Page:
Race at the last second in e-auctions
With e-tender becoming the norm, seconds matter before hitting the submit button by the bidders. Some late-comers had to fight tough legal battles in recent times to prove that they beat the deadline. The latest is the case, L & T Hydrocarbon Engineering Ltd vs ONGC, decided by the Delhi High Court last fortnight. L&T sent its bid to ONGC for an offshore process platform at 13.58.43 hrs while the deadline was 14 hrs. ONGC allegedly kept extending the deadline 18 times. According to L&T, it was late because ONGC kept on amending the tender specifications, compelling it to revisit the conditions and coordinate with its suppliers. Still, its bid was on time. ONGC refuted it with technical details. The court, therefore, set up two technical expert teams, one to examine the L&T computers and the other that of ONGC e-tender website. The court discussed their findings and found that the L&T version rang true. Though it pressed the submit button at the last moment, for some technical reason, it did not register in the server log of ONGC. Therefore, the court directed ONGC to consider the L&T bid along with that of six others. Technical glitches in tenders also were dealt with recently by the Supreme Court in the case of Shapoorji Pallonji. Referring to such suits, the High Court prefaced the judgment thus: “Gone are those days when it was said that when someone does something at the ‘eleventh hour’, they do it at the last possible moment. In today’s day and time, when technology is advancing at lightning speed, even a fraction of a minute is akin to the ‘eleventh hour’. L&T’s case hangs on those very fleeting seconds.”
Double trouble for stockbroker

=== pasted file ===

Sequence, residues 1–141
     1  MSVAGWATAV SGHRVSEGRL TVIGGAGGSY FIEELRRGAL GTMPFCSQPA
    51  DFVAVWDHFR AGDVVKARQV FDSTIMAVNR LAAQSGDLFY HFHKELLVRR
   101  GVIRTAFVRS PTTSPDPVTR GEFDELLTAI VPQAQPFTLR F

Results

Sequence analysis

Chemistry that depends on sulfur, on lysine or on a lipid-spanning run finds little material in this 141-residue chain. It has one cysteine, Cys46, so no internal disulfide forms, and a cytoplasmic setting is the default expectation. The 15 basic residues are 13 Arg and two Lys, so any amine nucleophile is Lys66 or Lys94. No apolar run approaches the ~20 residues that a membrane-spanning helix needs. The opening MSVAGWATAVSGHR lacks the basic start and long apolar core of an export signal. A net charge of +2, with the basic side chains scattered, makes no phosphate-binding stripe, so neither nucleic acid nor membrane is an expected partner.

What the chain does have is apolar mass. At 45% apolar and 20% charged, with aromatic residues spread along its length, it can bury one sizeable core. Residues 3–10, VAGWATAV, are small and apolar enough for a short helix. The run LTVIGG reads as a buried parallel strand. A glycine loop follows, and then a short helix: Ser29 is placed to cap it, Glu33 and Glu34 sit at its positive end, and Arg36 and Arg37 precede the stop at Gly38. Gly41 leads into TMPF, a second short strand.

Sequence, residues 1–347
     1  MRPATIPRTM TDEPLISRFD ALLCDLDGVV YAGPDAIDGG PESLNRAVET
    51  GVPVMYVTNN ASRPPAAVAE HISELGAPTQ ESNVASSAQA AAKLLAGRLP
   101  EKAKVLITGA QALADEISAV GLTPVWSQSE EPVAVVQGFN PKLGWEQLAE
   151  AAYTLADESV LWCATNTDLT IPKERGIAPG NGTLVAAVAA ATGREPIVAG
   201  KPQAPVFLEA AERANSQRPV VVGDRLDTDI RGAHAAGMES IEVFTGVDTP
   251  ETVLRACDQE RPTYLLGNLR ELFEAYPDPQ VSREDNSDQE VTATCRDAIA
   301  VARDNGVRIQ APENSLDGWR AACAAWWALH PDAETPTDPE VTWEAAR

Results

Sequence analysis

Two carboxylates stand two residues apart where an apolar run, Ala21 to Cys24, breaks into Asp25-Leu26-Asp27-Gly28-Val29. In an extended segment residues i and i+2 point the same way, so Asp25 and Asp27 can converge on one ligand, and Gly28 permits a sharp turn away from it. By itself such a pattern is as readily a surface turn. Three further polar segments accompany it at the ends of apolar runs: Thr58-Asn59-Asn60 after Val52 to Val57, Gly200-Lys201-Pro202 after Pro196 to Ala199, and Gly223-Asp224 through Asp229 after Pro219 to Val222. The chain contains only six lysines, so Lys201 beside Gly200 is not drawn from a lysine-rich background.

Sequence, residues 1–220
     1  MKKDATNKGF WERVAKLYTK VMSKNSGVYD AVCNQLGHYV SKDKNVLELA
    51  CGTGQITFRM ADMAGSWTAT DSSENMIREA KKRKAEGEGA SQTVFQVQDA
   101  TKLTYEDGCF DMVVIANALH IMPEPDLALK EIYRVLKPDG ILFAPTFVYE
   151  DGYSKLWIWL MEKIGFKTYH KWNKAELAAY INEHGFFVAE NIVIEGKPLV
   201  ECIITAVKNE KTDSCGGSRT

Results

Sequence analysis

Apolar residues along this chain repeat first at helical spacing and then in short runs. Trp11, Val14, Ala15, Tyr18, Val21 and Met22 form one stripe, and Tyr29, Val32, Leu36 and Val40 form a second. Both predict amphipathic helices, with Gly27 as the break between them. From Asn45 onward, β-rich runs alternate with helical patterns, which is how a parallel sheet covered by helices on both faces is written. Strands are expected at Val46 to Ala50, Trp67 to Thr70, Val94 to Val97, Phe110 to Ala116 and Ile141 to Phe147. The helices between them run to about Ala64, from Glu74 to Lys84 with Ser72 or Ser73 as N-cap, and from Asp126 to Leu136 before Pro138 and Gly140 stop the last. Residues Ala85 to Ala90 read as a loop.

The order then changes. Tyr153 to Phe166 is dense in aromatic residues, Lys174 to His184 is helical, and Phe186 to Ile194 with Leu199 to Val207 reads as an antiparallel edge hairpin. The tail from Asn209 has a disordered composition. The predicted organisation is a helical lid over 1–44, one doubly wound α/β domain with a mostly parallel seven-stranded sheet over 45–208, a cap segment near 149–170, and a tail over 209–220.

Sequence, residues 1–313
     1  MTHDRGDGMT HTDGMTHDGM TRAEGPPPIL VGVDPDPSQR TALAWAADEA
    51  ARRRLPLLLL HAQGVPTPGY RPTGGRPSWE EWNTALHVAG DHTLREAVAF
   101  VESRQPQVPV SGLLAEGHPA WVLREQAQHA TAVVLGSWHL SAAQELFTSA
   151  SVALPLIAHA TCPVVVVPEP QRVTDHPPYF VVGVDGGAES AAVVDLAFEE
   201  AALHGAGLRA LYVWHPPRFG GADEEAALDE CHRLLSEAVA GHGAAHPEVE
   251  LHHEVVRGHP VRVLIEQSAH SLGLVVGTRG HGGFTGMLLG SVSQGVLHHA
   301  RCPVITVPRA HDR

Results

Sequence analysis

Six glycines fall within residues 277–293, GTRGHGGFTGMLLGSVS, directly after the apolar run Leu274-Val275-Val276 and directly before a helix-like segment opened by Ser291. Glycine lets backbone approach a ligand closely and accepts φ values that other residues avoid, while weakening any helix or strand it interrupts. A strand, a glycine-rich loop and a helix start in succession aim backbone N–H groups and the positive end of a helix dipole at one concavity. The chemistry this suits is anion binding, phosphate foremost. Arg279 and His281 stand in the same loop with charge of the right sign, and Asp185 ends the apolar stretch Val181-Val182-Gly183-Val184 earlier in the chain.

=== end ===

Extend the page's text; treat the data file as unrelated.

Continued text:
A stockbroker who acted on behalf of public sector Indian Bank had to fight over two decades to absolve himself from criminal charges and income tax demands. The bank, in order to save itself from being charged a high rate of interest on borrowing money from the market, lured public sector undertakings (PSUs) to make fixed deposits at 12.5 per cent, against the RBI approved-rate of 8. To pay higher interest to the PSUs, the bank requested its broker to purchase securities at a prescribed price, which was unusually high but adequate to cover the market price of the securities. However, the revenue authorities raised a demand of ~14,73,91,000 from the broker on payment of additional interest to the PSUs, maintaining that he had not acted on behalf of the bank but as an independent dealer. He was also prosecuted for the transactions but was acquitted by the trial court, which held that he was acting as an agent of the bank. That evidence was accepted by the Madras High Court and on appeal, by the Supreme Court. Dismissing the appeal case, CIT vs T Jayachandran, the court stated that though there were irregularities in the whole transactions, the broker held in trust the additional interest paid to the PSUs on behalf of Indian Bank and it was not the income of the broker.